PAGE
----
CATALINA SANDINO MORENO
FULL OF GRACE
by Brad Balfour
When the petite Catalina Sandino Moreno came into the offices of Fine Line Films for her day of interviews, she seemed as untouched by the absurd excesses of fame and celebrity as she had been before she even heard of Maria Full of Grace—this indie film that has taken everyone by surprise. Winner of the Sundance Film Festival audience award, the opener for this year’s Human Rights Watch Film Festival first-time feature director Joshua Marston has cobbled together a set of exemplary reviews and accolades as well. Yet it’s been the uncanny casting of the unknown novice Moreno, a Bogota, Colombia, native, as the innocent yet desperate 17-year-old Maria, who rushes from her numbing work in a rose factory into becoming a drug mule. She then journeys to the States and a new life fraught with unknowns and hope as well.
Since director Marston made this surprising mature, taut even sparse drama through extensive research and an instinct for casting, the film has won both the director and its lead many opportunities including an Oscar nomination. For 23-year-old Moreno, and those interviewing her, its been an opportunity to come at this business with a thoroughly wide eyed innocence and freshness as well.
DID YOU EVER THINK YOU’D BE AN ACTRESS?
I never thought I would be an actress.
WHAT WERE YOU GOING TO DO?
I was studying advertising, so for me to be in a movie released in theaters and read all this amazing press, is a dream that I haven’t dreamt.
DO YOU FIND THIS ATTENTION OVERWHELMING?
Sometimes I just want to freak. I don’t want to think, I get really overwhelmed and excited, and I get panic attacks. It’s too much for me because I never expected it.
HOW HAS DEALING WITH THE MEDIA CHANGED YOU?
This is pretty hard. I think it’s harder than shooting, because when I was shooting the movie, every day was different; but every day that I have press is the same. You’re in the same little room–they just put me in here–and they bring people down. In Maria, we just changed locations and it was exciting, and there were different people. And here is like, “Oh my God, again in Fine Line, again in Veronica’s room.”
ARE YOU CURIOUS ABOUT WHAT THE PRESS THINKS ABOUT THE MOVIE?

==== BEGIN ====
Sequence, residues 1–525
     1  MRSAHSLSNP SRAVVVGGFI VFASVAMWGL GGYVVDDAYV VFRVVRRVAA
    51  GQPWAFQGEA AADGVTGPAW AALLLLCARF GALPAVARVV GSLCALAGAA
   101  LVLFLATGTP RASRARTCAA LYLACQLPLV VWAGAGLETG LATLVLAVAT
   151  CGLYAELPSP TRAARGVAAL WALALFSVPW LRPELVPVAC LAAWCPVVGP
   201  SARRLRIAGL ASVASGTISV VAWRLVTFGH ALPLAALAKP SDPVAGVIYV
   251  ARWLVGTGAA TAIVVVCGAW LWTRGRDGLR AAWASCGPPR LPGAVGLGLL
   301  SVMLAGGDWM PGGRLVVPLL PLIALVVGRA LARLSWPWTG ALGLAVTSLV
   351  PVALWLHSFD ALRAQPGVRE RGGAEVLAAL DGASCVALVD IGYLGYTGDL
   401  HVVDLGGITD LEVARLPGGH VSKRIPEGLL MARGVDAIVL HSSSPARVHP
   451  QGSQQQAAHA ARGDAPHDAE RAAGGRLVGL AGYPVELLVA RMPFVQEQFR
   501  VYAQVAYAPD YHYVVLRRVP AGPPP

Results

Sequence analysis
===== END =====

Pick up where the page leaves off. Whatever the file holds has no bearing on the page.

I’m not really concerned because I can’t do anything to change. My work is there and the press can like it or dislike it.
NOW THAT YOU ARE AN ACTRESS, HOW DO YOU MAKE DECISIONS ABOUT YOURSELF?
Well, I have good people around me; I have an agent, I have Josh—he’s a wonderful person who can give me advice—the producer… everyone from the movie, is very nice to me. They all give me little tips about the press, agents, and managers, and that’s very good, because I don’t know anything about this business.
HAVE YOU GOTTEN OFFERS?
I’m just reading now. The first script that I’ve read was Maria. I think I need to practice a little bit more.
WHAT ABOUT GOING TO SCHOOL?
If I go to NYU or another university, I’m not going to study acting. I’m going to study something else. Anthropology or Sociology—something like that.
WHAT DO YOU THINK IS THE MESSAGE OF THE MOVIE?
I think the message is to humanize what is a mule. The first time that I saw how pellets were made was in the movie, in that scene. The first time I took a pellet in my hand there, so when I heard in the newspapers or radio that, they took four mules and they were in jail and we were like, “Ok, that’s good. They were bad people,” and now, I couldn’t say that, because I was a girl living in [a small Columbian town] having an extreme situation and choosing to do that. That’s too much for me.
DID YOU MEET DRUG MULES IN THE COURSE OF MAKING THIS OR AFTERWARDS?
I’ve never met anybody because Maria doesn’t know how to be a drug mule, and me either, so it was our first time that we were involved with drugs.
HAVE YOU EVER MET A DRUG DEALER OR SOMEBODY THAT LATER YOU FOUND OUT WAS ONE?
SINCE IT TOOK TIME FOR THIS MOVIE TO BE RELEASED, DO YOU SOMETIMES HAVE TO PINCH YOURSELF AND WONDER IF THIS IS REALLY HAPPENING?
Well, in the two years that I wasn’t doing anything, I went back and forth to Columbia and I was studying at Strausburg [the acting school], wondering when the movie was going to come out. I thought that maybe Josh lied to me about Fine Line buying the movie. I was planning to go back to Colombia to keep studying advertising when Josh called me, in October of last year, and told me that we were going to Sundance and Berlin. Then we went to all these places and kept on winning. It was overwhelming.
SINCE THIS MOVIE HAS COME OUT, HOW HAS YOUR THINKING CHANGED?
I know the American dream doesn’t exist. I thought that if you come to New York, from another country, you’re going to have opportunities and money. Then I come here and the life of an immigrant is not easy. They have to work really hard, just to survive. I’m lucky because I’ve never been alone since I moved here. I have Josh. I can call the script supervisor, the electrician, the grip, all these people that I worked with in Ecuador [where the movie was actually shot] and now they work here. So I was surrounded by nice people. I was not alone but I think it would be really hard for a person to come here and to make a new life.
|#1 © 2004 Christobal Corral Vega. Courtesy of HBO Films/Fine Line Features. All rights reserved.|
|#2 © 2004 Christobal Corral Vega. Courtesy of HBO Films/Fine Line Features. All rights reserved.|
|#3 © 2004 Christobal Corral Vega. Courtesy of HBO Films/Fine Line Features. All rights reserved.|
|#4 © 2004 Christobal Corral Vega. Courtesy of HBO Films/Fine Line Features. All rights reserved.|
Copyright ©2005 PopEntertainment.com. All rights reserved. Posted: February 25, 2005.